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C. D D. WALCOTT, among his studies entitled Cambrian Geology and Palæontology," treats of a "a pre-Cambrian Algonkian algal flora (Smithsonian Miscell. Coll., vol. Ixiv., No. 2, 1914). The horizon is that which has yielded the famous crustacean remains known as Beltina danai. The author urges that the abstraction of carbon dioxide from water by the action of blue-green algæ and bacteria, such as Bacterium calcis of the Florida Keys, is a potent factor in the precipitation of oolitic and other forms of limestone, and he freely quotes recent work, such as that of E. J. Garwood, in support. He regards the dolomitisation of the older limestones that may have been formed in this way as a secondary feature (p. 96). The author's remarks, in answer to G. Abbott, contributed to NATURE of December 31, 1914, may imply some reconsideration of the part played by inorganic concretion in the structures here described as various species of Newlandia. Collenia (p. 98) becomes separated from Cryptozoön, the latter being regarded as appearing for the first time in the Cambrian period.

G. R. Wieland has meanwhile published further studies on Ozarkian seaweeds and oolites (Bull. Amer. Mus. Nat. Hist., vol. xxiii., 1914, p. 237), dealing especially with Cryptozoon. He connects these Cambrian forms with the far smaller Girvanella, as a "homogeneous assemblage" of sea-weeds, and enters into a somewhat confusing argument as to whether their silicification occurred early or late in geological history. This leads on to a discussion of the associated beds of siliceous oolite, which are held to be primary deposits, and especially characteristic of early Palæozoic times (p. 255). The Jurassic oolites preserved in flint at Portland, and the siliceous residues of the oolitic grains of ferrous carbonate in the pseudomorphous ironstones of Cleveland, are English evidences against this contention. Both Wieland (p. 248) and Walcott threaten us with a re-opening of the Eozoön question on algal lines, despite the work of Gregory and Johnston-Lavis on the limestone blocks of Monte Somma and several publications on layer-structures from the osmotic point of view.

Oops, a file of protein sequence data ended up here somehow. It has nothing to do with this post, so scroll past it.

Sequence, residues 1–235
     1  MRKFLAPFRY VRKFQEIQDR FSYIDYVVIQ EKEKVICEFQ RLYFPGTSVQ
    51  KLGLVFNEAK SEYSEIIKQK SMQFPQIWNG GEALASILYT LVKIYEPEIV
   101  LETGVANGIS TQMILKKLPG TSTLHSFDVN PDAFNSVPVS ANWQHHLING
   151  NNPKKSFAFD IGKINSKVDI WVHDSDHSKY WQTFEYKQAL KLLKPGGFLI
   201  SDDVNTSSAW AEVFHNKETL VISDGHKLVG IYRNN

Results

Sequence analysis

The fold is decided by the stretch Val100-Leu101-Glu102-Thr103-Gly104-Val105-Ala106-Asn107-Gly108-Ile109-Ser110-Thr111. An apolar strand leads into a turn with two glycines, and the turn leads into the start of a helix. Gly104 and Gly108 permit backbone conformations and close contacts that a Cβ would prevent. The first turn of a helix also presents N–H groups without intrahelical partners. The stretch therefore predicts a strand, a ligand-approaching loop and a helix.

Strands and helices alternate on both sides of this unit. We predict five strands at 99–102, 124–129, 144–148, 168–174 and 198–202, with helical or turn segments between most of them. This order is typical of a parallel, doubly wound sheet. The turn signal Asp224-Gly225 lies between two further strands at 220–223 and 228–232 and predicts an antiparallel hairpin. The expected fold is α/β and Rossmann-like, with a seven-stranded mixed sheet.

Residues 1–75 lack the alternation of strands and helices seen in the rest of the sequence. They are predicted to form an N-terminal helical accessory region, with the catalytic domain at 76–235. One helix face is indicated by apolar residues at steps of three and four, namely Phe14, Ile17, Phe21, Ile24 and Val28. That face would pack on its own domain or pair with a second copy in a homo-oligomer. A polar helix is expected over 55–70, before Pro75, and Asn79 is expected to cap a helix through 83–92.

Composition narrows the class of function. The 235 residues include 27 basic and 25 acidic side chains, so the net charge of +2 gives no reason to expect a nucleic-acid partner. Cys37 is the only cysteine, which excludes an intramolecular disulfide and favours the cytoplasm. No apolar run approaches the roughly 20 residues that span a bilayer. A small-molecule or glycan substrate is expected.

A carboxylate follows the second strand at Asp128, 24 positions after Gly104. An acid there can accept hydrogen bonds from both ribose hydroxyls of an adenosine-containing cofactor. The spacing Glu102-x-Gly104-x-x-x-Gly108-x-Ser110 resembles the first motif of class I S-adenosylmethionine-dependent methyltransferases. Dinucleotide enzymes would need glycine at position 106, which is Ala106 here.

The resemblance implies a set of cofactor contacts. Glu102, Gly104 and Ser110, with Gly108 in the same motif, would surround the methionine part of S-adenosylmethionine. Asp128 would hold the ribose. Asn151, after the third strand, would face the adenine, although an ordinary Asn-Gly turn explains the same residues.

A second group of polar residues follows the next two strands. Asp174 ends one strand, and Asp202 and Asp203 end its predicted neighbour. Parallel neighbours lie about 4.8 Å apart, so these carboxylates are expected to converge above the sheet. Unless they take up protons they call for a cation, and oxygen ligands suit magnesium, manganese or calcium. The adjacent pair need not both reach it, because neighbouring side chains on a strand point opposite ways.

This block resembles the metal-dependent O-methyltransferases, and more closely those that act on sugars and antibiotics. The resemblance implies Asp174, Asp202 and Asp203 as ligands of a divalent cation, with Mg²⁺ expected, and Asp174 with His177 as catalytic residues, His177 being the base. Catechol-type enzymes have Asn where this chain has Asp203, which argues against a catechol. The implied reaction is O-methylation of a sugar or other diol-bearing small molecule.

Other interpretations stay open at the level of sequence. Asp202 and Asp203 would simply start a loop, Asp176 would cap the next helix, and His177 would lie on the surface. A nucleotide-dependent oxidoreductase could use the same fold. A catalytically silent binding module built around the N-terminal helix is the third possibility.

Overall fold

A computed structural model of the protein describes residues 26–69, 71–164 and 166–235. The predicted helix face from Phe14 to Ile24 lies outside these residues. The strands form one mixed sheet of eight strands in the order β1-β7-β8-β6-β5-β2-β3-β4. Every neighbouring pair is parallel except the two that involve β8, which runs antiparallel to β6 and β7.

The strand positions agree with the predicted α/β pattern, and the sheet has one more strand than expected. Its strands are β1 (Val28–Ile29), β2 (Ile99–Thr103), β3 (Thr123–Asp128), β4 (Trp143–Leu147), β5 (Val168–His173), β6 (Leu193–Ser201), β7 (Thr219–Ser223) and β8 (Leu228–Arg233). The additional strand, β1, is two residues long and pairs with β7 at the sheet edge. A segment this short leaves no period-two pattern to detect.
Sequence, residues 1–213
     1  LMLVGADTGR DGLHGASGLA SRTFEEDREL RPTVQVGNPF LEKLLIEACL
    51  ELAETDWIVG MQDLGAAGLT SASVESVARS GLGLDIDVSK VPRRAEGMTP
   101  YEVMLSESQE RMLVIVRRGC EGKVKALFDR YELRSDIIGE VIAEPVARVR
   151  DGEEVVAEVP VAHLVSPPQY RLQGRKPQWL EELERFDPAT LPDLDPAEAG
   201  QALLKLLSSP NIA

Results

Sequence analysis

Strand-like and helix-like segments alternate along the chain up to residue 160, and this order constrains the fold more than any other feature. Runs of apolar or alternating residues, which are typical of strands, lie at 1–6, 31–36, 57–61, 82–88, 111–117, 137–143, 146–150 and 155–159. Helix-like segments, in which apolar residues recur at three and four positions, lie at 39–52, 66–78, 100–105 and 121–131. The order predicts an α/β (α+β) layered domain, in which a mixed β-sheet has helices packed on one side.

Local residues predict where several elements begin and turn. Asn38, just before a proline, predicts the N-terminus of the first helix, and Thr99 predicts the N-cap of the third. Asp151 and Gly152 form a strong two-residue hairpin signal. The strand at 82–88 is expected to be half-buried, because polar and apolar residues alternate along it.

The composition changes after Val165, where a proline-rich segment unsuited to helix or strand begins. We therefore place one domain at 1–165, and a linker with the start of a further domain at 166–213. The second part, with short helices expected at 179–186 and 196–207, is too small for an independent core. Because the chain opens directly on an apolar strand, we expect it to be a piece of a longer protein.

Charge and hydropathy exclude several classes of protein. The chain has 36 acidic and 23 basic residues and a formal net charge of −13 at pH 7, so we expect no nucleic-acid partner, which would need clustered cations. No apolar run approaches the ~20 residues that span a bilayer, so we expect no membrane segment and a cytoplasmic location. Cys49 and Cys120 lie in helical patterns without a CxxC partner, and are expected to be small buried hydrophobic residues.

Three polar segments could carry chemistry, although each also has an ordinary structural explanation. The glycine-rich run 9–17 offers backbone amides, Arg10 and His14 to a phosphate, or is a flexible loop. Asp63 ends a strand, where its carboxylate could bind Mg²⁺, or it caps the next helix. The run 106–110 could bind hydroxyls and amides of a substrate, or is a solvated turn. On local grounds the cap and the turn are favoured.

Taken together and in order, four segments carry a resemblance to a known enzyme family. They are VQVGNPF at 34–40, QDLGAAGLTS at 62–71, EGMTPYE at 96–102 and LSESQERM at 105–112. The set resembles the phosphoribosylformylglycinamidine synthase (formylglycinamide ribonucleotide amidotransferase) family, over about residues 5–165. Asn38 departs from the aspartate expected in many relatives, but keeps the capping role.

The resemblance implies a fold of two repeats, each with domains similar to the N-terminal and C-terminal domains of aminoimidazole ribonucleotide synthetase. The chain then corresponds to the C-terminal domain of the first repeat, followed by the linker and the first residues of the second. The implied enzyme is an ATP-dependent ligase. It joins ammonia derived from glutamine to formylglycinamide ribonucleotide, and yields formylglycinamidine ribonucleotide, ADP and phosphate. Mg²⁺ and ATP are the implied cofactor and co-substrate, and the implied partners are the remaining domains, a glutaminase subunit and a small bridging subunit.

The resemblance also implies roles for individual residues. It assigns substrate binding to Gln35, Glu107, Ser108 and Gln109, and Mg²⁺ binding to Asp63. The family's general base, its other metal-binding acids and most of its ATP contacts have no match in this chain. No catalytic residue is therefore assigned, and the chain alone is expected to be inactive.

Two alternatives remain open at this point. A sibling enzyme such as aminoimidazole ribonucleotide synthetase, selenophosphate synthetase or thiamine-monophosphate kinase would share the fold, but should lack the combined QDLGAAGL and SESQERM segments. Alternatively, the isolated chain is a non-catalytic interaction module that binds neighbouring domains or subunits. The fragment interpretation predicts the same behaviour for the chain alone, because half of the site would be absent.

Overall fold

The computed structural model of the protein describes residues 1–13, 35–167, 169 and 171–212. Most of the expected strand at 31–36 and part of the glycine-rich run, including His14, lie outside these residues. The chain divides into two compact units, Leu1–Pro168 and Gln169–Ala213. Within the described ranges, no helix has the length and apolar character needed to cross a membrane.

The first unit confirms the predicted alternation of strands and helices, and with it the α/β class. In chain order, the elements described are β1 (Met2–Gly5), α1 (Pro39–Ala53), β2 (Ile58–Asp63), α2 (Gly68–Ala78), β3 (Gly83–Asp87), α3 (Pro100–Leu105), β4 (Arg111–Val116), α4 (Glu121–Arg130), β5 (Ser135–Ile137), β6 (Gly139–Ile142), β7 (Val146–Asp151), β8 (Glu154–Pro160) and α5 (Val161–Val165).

G. R. Wieland is associated with Marion G. Elkins

in a paper on "Cordaitean wood from the Indiana Black Shale" (Amer. Journ. Sci., vol. xxxviii., 1914, p. 65). The horizon is Upper Devonian, and the wood of the new species, Callixylon oweni, is exceptionally well preserved. From the great variety of structure in Devonian woods and the diversity of the ancient seed-types, the authors conclude that "if there is any past period which can be fairly singled out as the true age of gymnosperms it must be Devonian time."

H. Hamshaw Thomas has begun a systematic examination of the Middle Jurassic flora of Cleveland in Yorkshire, in which cycads are prominent (Quart. Journal Geol. Soc., London, vol. xix., p. 223). Wieland's review of "the Williamsonian tribe,' in which British specimens from the Yates collection are utilised, will no doubt be referred to as the work goes on (Amer. Journ. Sci., vol. xxxii., p. 433). Both authors point out how we are indebted to Nathorst for additions to our knowledge of the cycad fruits of Yorkshire. F. H. Knowlton compares the Jurassic flora of Cape Lisburne, Alaska (U.S. Geol. Survey, Prof. Paper, 85-D, 1914), with that described by Heer and Seward from Amurland in eastern Siberia, and takes the opportunity for a brief review of the Arctic and Antarctic occurrences